Chicago from the 96th Floor [4608x3456] [OC]
Data showing changes in employment within, culture, media and sport industries - reflecting patterns in gentrification across London.
In the Netherlands, flood prevention is a key part of urban design. But when there isn’t a flood, there’s better use for the water collection infrastructure.
With room for basketball, skate-boarding, or just relaxing, the Watersquare Benthemplein also serves as a collection area for rain water. The square has two smaller basins that collect run-off from a nearby area, including building rooftops. A third, larger basin takes water from a wider area. The Watersquare can take on 450,000 gallons, or about 8,500 bathtubs. Eventually, the water drains into the ground or into a canal close-by.
The area was previously an “austere post-war modernist space” with little for people to do. The locals wanted more facilities, and the bonus of flood protection allowed officials to justify the investment.
Florian Boer, the founder of the De Urbanisten design firm who designed the square, asserts that there is an educational benefit as well. ”When infrastructure becomes invisible, there’s a risk that people don’t see it as a problem. They don’t understand how much money gets spent on these things. We said ‘let’s make it closer to people in some way’,” he says.
The designer’s website: http://www.urbanisten.nl/wp/?portfolio=waterplein-benthemplein
Gentrification transforming face of Oakland.
"The housing market conditions are completely out of control, with no real accountability to the people who are being displaced," said Robbie Clark of Causa Justa. “These stark rent increases, people being forced to move far away and commute longer — these are not signs of healthy communities.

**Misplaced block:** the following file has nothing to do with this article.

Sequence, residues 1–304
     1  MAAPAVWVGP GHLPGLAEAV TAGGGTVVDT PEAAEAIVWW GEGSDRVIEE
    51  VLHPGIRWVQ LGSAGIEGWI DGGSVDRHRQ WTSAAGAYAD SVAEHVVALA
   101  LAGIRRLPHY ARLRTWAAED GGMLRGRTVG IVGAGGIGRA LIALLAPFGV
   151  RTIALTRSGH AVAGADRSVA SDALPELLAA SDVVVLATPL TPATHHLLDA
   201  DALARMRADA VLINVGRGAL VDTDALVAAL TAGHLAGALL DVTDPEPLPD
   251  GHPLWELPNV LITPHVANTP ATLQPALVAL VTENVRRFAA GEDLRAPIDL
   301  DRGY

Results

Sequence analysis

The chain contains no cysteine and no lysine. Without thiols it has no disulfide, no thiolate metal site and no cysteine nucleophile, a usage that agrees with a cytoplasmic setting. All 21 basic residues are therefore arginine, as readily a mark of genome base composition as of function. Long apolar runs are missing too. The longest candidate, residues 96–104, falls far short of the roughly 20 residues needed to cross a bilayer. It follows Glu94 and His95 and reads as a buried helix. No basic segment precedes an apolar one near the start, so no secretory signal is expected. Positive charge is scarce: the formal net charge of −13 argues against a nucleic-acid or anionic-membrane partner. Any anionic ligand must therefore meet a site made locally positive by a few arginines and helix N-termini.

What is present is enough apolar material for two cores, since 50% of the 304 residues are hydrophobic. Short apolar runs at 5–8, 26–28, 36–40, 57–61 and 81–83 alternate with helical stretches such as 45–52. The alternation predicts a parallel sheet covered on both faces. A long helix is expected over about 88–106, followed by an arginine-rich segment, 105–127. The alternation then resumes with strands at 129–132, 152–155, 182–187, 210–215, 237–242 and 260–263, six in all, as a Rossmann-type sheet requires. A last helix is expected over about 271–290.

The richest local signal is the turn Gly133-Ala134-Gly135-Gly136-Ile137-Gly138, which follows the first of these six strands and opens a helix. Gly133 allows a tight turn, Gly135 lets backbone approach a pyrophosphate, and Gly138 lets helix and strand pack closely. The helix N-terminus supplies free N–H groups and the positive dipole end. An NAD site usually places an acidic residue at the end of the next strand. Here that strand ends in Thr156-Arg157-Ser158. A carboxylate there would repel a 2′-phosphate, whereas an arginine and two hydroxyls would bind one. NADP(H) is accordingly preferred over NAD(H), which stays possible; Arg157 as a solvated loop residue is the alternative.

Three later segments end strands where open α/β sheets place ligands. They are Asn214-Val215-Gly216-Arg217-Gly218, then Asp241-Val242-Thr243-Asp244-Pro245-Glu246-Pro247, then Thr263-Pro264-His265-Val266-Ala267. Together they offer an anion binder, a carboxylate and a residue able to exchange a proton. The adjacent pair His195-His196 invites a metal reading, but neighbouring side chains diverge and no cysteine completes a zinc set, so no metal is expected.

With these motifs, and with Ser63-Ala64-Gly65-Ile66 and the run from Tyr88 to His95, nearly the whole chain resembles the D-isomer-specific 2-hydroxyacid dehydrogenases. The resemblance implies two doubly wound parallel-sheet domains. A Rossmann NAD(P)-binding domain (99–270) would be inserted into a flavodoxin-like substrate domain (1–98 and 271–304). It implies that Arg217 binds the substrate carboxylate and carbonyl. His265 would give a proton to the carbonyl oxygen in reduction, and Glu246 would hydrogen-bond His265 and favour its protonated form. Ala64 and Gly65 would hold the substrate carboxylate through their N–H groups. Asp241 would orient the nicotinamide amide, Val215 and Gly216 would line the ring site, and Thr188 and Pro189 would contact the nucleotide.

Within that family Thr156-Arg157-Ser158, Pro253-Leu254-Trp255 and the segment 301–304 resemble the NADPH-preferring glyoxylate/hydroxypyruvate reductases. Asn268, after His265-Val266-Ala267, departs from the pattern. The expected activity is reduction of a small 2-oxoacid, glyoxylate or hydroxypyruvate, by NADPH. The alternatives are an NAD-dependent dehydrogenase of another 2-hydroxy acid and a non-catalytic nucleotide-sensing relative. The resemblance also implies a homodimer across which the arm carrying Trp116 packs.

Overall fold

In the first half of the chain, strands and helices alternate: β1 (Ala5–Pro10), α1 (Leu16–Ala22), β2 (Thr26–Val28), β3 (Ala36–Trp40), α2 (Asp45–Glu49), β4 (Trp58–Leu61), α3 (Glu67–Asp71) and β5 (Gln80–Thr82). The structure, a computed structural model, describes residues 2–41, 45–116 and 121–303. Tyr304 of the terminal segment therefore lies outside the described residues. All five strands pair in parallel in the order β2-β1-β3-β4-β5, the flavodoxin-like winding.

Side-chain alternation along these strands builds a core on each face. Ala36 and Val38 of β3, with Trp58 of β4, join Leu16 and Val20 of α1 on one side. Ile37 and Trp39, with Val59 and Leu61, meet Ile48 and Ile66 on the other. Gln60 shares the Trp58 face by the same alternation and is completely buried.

The Causa Justa report emphasized that government and the public need to do more to keep low-income people in their homes so they can enjoy the benefits of gentrification without being displaced. Stricter rent control and anti-foreclosure laws, more affordable housing and greater public input in planning decisions would help, the report said.
"It’s true, I’m beginning to see white people in (deep East Oakland). … The only reason it hasn’t happened sooner is because we have six shootings a day around here," she said. "The question is not whether this change is good or bad. It’s how do we find a balance, and how do we start the conversation?”
read more: sfgate, 09.04.14.
Tallahassee is getting a startup incubator + coworking space. Here’s some thoughts on the kind of work and architectural thought that goes into designing collaborative spaces.
"Just as any aspiring entrepreneur must take time to get into the mindset of their target audience and clientele, architects have to put themselves in the shoes of the people that will occupy the spaces they design. “We won’t be startup gurus or incubator gurus by the end of this single project, but we’re going to have a level of understanding about how startups work and function. Really with every project it’s a new set of learning, new process.”
A new report on metro density says it straight: Quality of life improves in compact cities.
Maps Show Evictions In San Francisco Are Often Near ‘Google Bus’ Stops
“About 69% of “no-fault” housing evictions in San Francisco take place within four blocks of shuttle bus stops for tech employees, according to the Anti-Eviction Mapping Project, an online resource created by activists who are opposed to the gentrification of the city by wealthy tech workers.
So-called “Google buses” are controversial in San Francisco because they make it easier for tech employees to live in the city and commute to Silicon Valley. That has driven up rents and real estate prices in the city, forcing out some non-tech workers.”
I’m sitting here at my desk listening to Geographers talk about these shuttles. Oh goodness. We’ll see what the city decides…
Havent seen much of Pittsburgh on here yet!
Despite modest success, most systems have neither increased mass transit commute share nor the vitality of city centers.
Neighborhood volunteers first began cultivating the idea of converting the ruins of the Reading Viaduct into Philadelphia’s own elevated park more than a decade ago. After years of organizing,…